iHeartMedia’s Debt Dance Intensifies

The nation’s #1 radio broadcast conglomerate stands another step closer to defaulting on nearly $21 billion of IOUs racked up during its consolidation and conglomeration spree of the last twenty years. For those just tuning in, iHeartMedia owes nearly $1.4 billion in debt payments between now and 2018, with nearly $200 million of that due this year.

The company announced a curious plan in late 2015 to ask some of its debt-holders to swap existing debt for stock, the idea being to try and retire the pressing debt first and keep the fiscal ship afloat. In practice, iHeart began shifting some of its assets into a subsidiary named Broader Media, which is effectively a subsidiary holding company within iHeart itself. Those who agreed to swap their debt in iHeart would get paid back in Broader Media equity. Read More

iHeartMedia Facing Reorganization Pressures

Much interesting news on the iHeartMedia front already in the new year. The wildly overleveraged conglomerate ended 2015 with an announcement that it hoped to convince some of its shareholders to swap debt they hold against the company for stock. It’s assumed iHeart is still on track to try and float this proposal later this spring.

However, it would seem that some shareholders would like to take matters into their own hands. Just days after iHeart announced its swap-plan, the New York Post reported that several large stockholders planned to pressure the company to devote nearly $200 million this month toward debt reduction. This would shave off less than 1% of the $21+ billion the company owes, though it would be a small step toward ameliorating what one unnamed banker calls “clearly not a sustainable capital structure.” Read More

Radio Stocks on the Dollar Menu

Many industry-watchers have been fixated on the travails of Cumulus Media, which ousted its founding family earlier this year and replaced them with new management backed by the private-capital firms that now control the company. It hasn’t yet resulted in a massive turnaround for Cumulus stock, which is up about ten cents or so from its lowest low earlier this fall. Still, that values the country’s second largest radio conglomerate at a paltry $82 million and change — you can now pick up a few shares of Cumulus for a dollar and still have change left over for a gumball.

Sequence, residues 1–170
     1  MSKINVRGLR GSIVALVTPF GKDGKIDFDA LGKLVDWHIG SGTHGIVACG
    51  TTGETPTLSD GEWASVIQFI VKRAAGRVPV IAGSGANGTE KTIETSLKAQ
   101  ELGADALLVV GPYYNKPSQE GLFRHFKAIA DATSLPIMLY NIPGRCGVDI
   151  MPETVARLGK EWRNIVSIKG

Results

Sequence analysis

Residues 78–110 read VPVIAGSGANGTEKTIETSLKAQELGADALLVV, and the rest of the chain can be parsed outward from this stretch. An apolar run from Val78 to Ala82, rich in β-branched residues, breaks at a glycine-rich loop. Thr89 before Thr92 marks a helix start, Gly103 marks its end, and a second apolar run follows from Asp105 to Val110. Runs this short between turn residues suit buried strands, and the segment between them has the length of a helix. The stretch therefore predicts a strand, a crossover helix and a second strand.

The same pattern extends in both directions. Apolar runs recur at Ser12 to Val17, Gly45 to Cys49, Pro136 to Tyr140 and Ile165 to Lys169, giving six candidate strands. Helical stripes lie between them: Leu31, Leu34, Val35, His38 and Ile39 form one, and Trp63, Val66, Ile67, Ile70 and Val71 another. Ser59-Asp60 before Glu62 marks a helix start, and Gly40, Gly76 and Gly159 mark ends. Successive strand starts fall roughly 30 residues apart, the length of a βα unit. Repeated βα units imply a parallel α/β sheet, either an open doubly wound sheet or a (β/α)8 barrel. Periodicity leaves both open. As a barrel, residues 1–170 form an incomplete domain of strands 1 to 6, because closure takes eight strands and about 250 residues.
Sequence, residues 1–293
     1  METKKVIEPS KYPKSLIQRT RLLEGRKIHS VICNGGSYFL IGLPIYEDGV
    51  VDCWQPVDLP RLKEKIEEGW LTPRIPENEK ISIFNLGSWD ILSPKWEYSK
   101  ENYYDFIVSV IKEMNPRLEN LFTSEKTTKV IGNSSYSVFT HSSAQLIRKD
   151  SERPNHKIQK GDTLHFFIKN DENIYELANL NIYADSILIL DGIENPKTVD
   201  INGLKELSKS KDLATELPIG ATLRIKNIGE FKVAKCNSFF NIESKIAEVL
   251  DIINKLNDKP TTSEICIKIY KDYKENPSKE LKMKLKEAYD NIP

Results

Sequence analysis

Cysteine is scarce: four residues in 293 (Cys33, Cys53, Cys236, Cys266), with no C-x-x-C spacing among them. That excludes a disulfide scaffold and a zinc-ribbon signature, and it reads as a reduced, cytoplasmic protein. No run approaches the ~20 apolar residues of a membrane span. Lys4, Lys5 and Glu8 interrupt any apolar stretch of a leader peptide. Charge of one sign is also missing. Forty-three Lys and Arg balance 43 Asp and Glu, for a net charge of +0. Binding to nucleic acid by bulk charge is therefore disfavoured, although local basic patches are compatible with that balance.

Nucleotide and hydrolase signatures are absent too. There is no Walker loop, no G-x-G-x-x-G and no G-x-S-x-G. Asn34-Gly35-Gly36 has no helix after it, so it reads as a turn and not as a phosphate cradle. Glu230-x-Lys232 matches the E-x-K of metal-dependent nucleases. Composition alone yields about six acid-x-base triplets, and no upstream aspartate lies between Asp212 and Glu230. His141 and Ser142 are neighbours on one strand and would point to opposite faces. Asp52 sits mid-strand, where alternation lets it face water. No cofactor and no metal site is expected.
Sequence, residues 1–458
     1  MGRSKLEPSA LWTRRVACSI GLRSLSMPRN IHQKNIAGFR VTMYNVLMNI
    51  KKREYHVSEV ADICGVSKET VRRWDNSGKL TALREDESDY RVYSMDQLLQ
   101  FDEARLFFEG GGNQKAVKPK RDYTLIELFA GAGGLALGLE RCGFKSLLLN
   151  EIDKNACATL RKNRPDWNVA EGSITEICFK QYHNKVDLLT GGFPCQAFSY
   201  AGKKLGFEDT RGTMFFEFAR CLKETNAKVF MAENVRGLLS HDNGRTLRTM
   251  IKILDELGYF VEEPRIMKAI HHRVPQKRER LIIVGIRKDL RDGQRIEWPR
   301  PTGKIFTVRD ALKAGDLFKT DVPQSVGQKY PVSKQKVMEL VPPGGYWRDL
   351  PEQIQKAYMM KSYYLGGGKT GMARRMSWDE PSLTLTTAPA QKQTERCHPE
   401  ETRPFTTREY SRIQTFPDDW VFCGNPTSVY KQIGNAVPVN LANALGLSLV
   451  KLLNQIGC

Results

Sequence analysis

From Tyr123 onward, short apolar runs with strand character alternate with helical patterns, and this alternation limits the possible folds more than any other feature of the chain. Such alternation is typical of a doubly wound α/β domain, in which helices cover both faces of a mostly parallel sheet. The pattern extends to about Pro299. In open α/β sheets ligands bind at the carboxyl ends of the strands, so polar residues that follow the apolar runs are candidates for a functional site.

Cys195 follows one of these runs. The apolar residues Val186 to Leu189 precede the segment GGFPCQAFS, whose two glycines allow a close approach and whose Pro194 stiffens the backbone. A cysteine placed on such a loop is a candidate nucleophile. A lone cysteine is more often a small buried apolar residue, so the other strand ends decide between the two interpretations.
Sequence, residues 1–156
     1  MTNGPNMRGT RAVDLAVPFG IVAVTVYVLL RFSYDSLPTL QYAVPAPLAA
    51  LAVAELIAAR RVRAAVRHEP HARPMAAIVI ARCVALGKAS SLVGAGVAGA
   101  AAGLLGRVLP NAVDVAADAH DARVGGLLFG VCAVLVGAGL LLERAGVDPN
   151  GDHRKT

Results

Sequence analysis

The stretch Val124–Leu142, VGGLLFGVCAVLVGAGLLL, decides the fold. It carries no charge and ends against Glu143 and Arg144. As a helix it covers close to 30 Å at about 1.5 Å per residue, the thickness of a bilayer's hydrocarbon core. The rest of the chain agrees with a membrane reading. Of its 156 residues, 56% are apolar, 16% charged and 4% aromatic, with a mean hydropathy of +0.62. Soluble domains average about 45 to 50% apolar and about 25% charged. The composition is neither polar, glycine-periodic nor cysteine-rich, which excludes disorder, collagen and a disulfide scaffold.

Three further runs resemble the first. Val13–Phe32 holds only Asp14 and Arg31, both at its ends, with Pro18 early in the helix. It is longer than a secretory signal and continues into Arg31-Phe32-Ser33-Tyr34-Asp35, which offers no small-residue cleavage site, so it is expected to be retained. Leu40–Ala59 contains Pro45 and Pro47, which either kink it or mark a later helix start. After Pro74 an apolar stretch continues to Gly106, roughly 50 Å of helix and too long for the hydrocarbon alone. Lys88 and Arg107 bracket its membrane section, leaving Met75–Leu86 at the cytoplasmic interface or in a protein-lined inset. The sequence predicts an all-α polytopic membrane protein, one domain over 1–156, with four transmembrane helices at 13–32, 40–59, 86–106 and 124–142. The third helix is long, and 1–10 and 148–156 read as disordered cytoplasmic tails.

But Cumulus is not the only company now trading under a buck. There’s also Emmis Communications — the primary driver behind the NextRadio application and a major innovator in the HD Radio space — whose shares are now trading at just 62 cents, triggering a delisting warning from NASDAQ. Just three months ago, Emmis stock was worth $1.42 per share; a decade ago, the stock was worth 100 times more than it is today. Read More

HD Proponents Seek Protection for “No New Spectrum”

An interesting trial-balloon was floated last month in Radio World. In it, John Kean, one of the founding employees of NPR Labs (who was let go in a reshuffle this past August) suggested that the FCC’s spectrum allocation rules be revised to better “protect” FM-HD Radio sideband signals.

Before going any further, it’s best to cover some history. HD Radio was adopted by the FCC in 2000 primarily on the premise that the system used “no new spectrum.” In fact, FM-HD signals double the spectral footprint of FM stations — but HD’s proponents got around this by appropriating fallow spectrum the FCC leaves between stations as the stations’ own allocation. Read More

Cumulus Meltdown Continues; is iHeartMedia Next?

Things continue to spiral downward over at Cumulus Media, whose stock closed at 29 cents at the end of trading last week. That put the company’s total market capitalization at just $67.8 million dollars, or just 39% of what the HD Radio system sold for two months ago. NASDAQ has threatened to delist CLMS stock next spring unless it can resume consistent trading above $1.

Perhaps a better comparison might be to a direct competitor: see Townsquare Media, one of the second generation of radio consolidators formed in the last half-decade and now the third-largest owner of radio stations in the country (right behind Cumulus). Townsquare owns about 100-150 fewer stations than Cumulus does, has no holdings in network syndication or distribution companies, but it is making acquisitory forays into online platforms/apps and just three months ago purchased a traveling carinval company. Sound familiar? Only on the surface, because Wall Street valued Townsquare at 106 million dollars last Friday ($10.70/share on 9.94 million shares). Read More